Arturo Vargas – CEO of the National Association of Education Funds for Elected and Appointed Latino Officials, which helps promote census participation, has described himself as “alarming.”

“We are concerned about what appears to be a waiver of the request for additional time, which has already been recognized by both the White House and the Census Bureau, and is needed for a full and accurate census,” Vargas said in a statement. “It is too late for the presidency to change course now, and further legislation on COVID-19 reliefs should reflect that.”

According to the Office’s updated website, the White House has requested an additional $ 1 billion to fund an “accelerated effort” to complete the “as quickly and safely as possible” count. In their proposal to provide assistance on Monday, Republicans in Congress offered less than half of that amount without extending the deadline.

During a hearing on Wednesday before the House Oversight Board, Steven Dillingham – the director of the office and named Trump – gave lawmakers a little idea of ​​why the timing had changed.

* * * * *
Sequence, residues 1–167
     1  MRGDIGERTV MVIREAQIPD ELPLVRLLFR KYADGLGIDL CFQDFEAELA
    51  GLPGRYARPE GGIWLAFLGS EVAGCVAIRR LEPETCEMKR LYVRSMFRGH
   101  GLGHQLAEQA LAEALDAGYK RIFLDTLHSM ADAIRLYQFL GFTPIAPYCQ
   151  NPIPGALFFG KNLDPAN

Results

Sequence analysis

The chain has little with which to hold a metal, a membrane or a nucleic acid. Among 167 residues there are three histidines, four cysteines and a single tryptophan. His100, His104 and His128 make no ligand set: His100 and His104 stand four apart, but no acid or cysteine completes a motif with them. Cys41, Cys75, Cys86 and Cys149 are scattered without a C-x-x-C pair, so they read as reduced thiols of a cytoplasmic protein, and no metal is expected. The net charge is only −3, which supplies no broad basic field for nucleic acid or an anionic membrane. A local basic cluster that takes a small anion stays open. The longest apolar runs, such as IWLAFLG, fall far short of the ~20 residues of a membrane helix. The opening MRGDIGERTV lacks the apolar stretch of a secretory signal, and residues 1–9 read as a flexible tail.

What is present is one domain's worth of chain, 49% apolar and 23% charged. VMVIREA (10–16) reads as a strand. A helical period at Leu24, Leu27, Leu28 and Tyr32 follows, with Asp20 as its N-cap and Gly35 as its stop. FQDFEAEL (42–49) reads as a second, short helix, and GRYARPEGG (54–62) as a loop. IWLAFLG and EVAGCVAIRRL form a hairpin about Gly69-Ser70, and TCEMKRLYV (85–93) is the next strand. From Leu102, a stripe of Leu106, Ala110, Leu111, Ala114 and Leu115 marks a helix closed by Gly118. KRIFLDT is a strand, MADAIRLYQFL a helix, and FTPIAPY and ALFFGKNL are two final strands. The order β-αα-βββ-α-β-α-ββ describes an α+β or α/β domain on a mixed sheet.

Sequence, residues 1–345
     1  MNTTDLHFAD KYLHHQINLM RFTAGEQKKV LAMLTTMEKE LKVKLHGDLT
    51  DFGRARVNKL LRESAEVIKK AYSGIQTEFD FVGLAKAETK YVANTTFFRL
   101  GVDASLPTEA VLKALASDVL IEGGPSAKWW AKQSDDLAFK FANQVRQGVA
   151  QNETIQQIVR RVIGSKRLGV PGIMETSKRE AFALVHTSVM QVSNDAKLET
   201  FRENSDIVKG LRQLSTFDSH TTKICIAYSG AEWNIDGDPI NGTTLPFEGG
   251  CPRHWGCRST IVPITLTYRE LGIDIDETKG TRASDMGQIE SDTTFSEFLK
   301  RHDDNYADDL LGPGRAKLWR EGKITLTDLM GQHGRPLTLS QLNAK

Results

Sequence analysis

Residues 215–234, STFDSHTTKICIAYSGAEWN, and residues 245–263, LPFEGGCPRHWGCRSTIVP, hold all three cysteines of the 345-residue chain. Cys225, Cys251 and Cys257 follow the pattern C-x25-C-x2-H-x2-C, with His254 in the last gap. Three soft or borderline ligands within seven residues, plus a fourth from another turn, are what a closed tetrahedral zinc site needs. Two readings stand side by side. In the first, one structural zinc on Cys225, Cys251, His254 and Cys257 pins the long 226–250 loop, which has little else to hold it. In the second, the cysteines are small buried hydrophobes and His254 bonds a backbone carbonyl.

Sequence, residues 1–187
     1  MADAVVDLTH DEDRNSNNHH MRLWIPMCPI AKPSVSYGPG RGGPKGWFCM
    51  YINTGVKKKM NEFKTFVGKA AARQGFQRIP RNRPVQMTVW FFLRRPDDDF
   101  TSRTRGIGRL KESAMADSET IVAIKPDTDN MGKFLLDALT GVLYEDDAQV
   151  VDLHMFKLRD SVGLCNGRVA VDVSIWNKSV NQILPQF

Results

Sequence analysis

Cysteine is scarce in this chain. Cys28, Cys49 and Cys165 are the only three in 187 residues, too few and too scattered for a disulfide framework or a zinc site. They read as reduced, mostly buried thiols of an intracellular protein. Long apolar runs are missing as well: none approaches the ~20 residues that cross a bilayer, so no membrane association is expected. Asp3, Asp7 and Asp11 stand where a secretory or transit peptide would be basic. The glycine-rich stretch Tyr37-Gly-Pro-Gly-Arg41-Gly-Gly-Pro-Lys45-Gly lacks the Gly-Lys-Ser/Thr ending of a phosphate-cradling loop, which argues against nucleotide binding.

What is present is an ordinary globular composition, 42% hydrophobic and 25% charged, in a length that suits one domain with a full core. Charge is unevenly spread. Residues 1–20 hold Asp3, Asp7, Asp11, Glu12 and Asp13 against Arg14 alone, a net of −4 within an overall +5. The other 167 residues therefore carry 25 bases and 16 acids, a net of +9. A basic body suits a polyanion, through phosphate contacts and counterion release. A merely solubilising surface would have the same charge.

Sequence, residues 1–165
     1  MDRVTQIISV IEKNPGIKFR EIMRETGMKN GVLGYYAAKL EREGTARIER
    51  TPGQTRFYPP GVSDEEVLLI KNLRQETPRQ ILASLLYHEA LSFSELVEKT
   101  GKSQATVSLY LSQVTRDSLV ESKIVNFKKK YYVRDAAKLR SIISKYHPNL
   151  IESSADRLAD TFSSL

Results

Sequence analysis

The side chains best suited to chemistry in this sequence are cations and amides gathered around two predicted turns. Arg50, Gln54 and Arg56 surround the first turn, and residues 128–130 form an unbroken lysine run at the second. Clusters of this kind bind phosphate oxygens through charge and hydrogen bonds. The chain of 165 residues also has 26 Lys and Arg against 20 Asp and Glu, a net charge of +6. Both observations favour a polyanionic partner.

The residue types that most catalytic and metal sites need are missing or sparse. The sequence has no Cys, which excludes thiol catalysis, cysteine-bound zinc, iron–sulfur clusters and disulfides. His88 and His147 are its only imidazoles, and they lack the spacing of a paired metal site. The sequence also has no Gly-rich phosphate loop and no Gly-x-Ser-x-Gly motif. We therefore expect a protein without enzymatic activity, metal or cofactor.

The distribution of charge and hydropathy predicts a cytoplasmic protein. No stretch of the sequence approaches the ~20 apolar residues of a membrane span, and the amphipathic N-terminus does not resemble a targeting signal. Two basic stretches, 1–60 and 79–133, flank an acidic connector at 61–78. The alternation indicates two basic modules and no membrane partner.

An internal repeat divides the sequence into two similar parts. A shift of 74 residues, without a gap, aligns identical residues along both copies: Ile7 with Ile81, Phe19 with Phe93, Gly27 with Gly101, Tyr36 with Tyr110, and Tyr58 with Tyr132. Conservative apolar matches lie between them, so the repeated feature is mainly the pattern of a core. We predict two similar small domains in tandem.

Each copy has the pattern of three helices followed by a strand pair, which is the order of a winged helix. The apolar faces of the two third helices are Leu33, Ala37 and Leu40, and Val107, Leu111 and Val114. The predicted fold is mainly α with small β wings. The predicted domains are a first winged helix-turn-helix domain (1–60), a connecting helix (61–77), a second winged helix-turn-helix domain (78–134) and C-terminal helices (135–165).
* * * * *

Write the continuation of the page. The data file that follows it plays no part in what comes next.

Rep. Jimmy Gomez, D-Calif., Repeatedly asked Dillingham if he supported the office’s request to extend the census deadlines.

But Dillingham did not answer the questions.

John Sarbanes, D-Md., Aware that the Trump administration allegedly wanted to wrap up the counts quickly so that the president could get census numbers by the end of the year, Dillingham replied: “I” I don’t know of all the many reasons except that the census and others really want us to move forward as quickly as possible. ‘ “

But top presidency officials – including Deputy Director of Field Operations Tim Olson – have publicly warned since May that the agency can no longer meet current deadlines.